National statements from leading officials from a number of other countries followed. Countries like Nepal, Albania, Eswatini (the artist formerly known as Swaziland), Namibia and Morocco called for equitable differentiation of responsibility to be incorporated in the implementation rulebook planned for completion by the end of the conference. The national statements also primarily consisted of countries like Spain, the Netherlands, Estonia, Fiji, and Serbia defending their emissions reductions so far (to varying degrees of success) and proclaiming their planned goals for the future. A notable intervention from the Secretary of State of the Holy See addressed the issue as a moral one, rather than a technical one and urged action on the “ethical imperative” to stop climate change as a part of efforts to combat poverty and protect human dignity. Well said, Pietro!
This day of the conference would be somewhat unusual, as instead of going to a handful of shorter events, I only watched the high-level segment and one other meeting: the 6th workshop of the facilitative sharing of views (FSV), where non-Annex I countries, which are largely low-income, developing countries, present their Biennial Update Reports (BURs). These reports detail national circumstances relating to emissions, including geographic, climatic, population, and economic profiles as well as sector-specific assessments of emissions past and present. Of special note in these reports are the national greenhouse gas inventory, which includes both emissions and removals of greenhouse gases (GHGs) from the atmosphere; mitigation actions; and finance, technology, and capacity needs for better reporting and improved fulfillment of NDCs. Here, I was able to hear delegates lay out the presentation form of these reports and answer questions from other parties. These sessions are less formal than the stocktake sessions where Annex I countries are required to defend their mandatory annual reports, and questions were largely clarifying and wrapped in compliments on the quality of each work.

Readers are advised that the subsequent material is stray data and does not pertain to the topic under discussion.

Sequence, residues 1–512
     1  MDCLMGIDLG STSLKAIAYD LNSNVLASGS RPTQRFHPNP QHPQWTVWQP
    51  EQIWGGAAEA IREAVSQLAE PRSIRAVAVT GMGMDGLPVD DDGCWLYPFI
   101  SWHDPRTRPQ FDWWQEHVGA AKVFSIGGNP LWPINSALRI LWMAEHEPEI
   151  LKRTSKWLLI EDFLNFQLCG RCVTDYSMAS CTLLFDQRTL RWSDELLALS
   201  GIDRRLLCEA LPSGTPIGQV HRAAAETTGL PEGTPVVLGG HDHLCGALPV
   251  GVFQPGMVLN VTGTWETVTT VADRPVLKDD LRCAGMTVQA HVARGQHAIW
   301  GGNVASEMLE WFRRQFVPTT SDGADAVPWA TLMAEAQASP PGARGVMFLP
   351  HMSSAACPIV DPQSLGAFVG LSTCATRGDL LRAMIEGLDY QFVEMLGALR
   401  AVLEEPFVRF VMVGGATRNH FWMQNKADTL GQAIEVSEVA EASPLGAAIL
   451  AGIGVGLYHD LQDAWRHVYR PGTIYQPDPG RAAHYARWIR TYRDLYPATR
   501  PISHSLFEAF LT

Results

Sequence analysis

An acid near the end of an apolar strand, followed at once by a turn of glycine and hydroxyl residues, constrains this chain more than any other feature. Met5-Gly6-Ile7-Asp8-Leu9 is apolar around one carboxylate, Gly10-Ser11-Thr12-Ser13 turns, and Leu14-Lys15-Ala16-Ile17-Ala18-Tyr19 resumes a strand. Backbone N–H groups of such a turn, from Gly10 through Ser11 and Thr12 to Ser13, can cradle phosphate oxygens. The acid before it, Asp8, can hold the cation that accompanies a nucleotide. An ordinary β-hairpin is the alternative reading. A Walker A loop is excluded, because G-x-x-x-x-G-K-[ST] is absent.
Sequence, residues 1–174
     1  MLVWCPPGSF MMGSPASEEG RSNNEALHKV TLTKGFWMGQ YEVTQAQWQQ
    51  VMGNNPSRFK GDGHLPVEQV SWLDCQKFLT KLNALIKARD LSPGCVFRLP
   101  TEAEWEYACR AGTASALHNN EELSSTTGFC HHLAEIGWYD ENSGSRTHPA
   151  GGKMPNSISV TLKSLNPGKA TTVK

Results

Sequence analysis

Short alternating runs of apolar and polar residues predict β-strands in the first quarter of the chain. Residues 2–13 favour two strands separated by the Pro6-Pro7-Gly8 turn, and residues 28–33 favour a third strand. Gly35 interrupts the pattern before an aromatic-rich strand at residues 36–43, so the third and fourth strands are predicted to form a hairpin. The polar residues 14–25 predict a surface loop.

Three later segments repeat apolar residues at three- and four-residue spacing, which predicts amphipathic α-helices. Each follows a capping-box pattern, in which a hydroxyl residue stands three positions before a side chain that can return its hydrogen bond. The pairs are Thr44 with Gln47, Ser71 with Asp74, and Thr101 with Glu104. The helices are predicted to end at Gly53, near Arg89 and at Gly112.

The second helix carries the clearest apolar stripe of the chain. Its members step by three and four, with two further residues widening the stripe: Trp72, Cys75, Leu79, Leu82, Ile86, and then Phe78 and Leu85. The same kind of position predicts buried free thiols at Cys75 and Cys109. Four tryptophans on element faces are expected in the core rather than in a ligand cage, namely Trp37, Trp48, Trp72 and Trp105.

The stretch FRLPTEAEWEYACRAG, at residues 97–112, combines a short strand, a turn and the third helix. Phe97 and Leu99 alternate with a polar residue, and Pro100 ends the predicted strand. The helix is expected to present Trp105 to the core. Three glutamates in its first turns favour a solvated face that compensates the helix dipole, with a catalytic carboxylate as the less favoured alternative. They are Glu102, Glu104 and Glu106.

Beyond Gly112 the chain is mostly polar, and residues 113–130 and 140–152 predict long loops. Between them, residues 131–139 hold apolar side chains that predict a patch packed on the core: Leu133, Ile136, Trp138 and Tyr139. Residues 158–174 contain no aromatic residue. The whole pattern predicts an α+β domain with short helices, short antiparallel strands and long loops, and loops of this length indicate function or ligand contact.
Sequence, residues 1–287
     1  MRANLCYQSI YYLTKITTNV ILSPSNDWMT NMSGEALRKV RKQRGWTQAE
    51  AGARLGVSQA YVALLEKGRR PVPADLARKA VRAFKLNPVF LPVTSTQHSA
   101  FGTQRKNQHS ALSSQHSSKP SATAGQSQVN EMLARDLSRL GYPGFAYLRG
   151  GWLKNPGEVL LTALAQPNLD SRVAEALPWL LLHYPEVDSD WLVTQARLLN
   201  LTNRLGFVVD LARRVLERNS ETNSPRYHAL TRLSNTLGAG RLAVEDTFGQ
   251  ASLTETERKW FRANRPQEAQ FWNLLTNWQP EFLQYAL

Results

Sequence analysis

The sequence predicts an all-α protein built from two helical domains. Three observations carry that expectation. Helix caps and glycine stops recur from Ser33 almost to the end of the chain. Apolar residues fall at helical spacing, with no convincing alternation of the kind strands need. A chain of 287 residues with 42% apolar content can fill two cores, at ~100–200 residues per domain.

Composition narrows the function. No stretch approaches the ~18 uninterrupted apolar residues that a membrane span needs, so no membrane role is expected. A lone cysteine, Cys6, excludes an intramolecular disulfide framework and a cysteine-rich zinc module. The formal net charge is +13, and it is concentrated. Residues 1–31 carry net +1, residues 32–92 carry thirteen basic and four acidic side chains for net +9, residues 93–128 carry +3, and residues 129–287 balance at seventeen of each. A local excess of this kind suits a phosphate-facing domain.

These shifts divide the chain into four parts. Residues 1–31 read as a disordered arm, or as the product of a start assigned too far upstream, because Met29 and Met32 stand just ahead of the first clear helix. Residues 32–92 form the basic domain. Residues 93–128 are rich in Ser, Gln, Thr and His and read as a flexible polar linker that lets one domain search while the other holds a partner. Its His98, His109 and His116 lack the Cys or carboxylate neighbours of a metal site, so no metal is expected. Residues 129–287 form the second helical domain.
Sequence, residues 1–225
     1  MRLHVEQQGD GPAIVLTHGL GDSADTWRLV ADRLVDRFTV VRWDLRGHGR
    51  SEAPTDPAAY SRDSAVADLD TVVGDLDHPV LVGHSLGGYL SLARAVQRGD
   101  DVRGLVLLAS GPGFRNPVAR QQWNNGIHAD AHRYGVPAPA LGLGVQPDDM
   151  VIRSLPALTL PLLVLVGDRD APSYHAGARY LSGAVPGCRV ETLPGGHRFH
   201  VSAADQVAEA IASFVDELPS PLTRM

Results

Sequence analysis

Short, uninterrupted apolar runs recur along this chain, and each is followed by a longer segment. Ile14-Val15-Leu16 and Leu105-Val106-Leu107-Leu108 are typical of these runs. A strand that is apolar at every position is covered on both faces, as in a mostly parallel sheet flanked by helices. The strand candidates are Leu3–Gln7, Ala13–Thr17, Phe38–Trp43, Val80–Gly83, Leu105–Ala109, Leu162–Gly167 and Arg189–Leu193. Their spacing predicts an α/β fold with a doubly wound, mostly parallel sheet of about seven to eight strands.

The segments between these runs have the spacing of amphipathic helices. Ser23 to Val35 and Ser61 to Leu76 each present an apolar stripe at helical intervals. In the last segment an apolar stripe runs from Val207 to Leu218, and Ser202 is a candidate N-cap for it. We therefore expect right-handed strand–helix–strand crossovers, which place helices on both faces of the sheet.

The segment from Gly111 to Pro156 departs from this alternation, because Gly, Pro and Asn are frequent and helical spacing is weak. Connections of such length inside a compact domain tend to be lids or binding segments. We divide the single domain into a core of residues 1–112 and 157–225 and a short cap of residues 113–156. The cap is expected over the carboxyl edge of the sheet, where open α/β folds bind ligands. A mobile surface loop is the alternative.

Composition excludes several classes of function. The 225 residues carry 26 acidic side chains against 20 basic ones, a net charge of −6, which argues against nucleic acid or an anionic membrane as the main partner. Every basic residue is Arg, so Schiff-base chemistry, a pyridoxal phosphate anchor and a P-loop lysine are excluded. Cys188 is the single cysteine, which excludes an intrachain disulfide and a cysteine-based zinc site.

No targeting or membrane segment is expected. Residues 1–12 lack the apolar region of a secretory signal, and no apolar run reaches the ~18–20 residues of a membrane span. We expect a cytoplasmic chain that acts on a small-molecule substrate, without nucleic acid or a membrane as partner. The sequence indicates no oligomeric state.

The first country to present was Argentina, which framed its domestic climate change policy in terms of its institutional basis: the National Cabinet for Climate Change, an inter-ministerial committee which defines climate changes policy and generates awareness for mitigation and adaptation efforts within the country. Argentina’s first NDC sets a target of 483 megatons of carbon dioxide equivalent net emissions by 2030. The delegation cited barriers of capacity, finance, and technology that, if overcome, would allow for even more bold action. They also noted their progress in systematizing their GHG inventory with support from the Latin American Greenhouse Gas Inventory Network.
Second was Bosnia and Herzegovina, which noted the absence of an institutional setup akin to Argentina’s partially due to the high degree of decentralization within the Bosnian government. Their plans largely consisted of improving recycling efforts in waste management and further data collection, hampered so far by a lack of legislative data requirements. The other parties in the room applauded the quality of their sector-specific emissions accounting and I applaud the composure of the delegates, who were asked by an assuredly embarrassed delegate from India about how they achieved such high emissions reductions between 1992 and 1995 (“Unfortunately, we had a war.”)